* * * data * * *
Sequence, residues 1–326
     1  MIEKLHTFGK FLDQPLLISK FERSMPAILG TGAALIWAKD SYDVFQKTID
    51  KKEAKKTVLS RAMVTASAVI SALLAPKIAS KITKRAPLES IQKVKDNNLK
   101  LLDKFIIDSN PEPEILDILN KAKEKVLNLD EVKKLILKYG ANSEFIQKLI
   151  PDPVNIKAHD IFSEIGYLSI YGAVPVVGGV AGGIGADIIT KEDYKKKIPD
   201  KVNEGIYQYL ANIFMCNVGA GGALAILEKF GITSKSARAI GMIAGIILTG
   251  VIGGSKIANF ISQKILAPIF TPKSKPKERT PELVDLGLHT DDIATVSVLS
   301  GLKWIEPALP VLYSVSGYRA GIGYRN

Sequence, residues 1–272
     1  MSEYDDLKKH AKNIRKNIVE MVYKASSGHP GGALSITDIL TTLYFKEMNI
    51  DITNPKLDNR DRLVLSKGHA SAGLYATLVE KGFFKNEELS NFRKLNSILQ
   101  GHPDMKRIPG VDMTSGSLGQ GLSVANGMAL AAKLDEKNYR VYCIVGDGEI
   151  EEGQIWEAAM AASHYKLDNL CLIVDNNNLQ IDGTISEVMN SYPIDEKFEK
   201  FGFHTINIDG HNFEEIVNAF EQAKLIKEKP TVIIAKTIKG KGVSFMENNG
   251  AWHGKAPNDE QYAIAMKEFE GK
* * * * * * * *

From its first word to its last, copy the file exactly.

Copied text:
Sequence, residues 1–326
     1  MIEKLHTFGK FLDQPLLISK FERSMPAILG TGAALIWAKD SYDVFQKTID
    51  KKEAKKTVLS RAMVTASAVI SALLAPKIAS KITKRAPLES IQKVKDNNLK
   101  LLDKFIIDSN PEPEILDILN KAKEKVLNLD EVKKLILKYG ANSEFIQKLI
   151  PDPVNIKAHD IFSEIGYLSI YGAVPVVGGV AGGIGADIIT KEDYKKKIPD
   201  KVNEGIYQYL ANIFMCNVGA GGALAILEKF GITSKSARAI GMIAGIILTG
   251  VIGGSKIANF ISQKILAPIF TPKSKPKERT PELVDLGLHT DDIATVSVLS
   301  GLKWIEPALP VLYSVSGYRA GIGYRN

Sequence, residues 1–272
     1  MSEYDDLKKH AKNIRKNIVE MVYKASSGHP GGALSITDIL TTLYFKEMNI
    51  DITNPKLDNR DRLVLSKGHA SAGLYATLVE KGFFKNEELS NFRKLNSILQ
   101  GHPDMKRIPG VDMTSGSLGQ GLSVANGMAL AAKLDEKNYR VYCIVGDGEI
   151  EEGQIWEAAM AASHYKLDNL CLIVDNNNLQ IDGTISEVMN SYPIDEKFEK
   201  FGFHTINIDG HNFEEIVNAF EQAKLIKEKP TVIIAKTIKG KGVSFMENNG
   251  AWHGKAPNDE QYAIAMKEFE GK